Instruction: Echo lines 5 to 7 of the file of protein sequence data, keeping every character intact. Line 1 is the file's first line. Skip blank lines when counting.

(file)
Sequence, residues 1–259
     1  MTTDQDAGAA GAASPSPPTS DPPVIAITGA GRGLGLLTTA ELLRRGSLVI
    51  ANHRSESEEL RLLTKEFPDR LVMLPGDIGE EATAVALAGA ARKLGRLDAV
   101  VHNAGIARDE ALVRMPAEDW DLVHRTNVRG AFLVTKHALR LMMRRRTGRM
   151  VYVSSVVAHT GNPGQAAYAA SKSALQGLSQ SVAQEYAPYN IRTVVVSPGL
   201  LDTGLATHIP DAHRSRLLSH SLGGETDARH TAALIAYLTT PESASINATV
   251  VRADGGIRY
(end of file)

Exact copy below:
   151  VYVSSVVAHT GNPGQAAYAA SKSALQGLSQ SVAQEYAPYN IRTVVVSPGL
   201  LDTGLATHIP DAHRSRLLSH SLGGETDARH TAALIAYLTT PESASINATV
   251  VRADGGIRY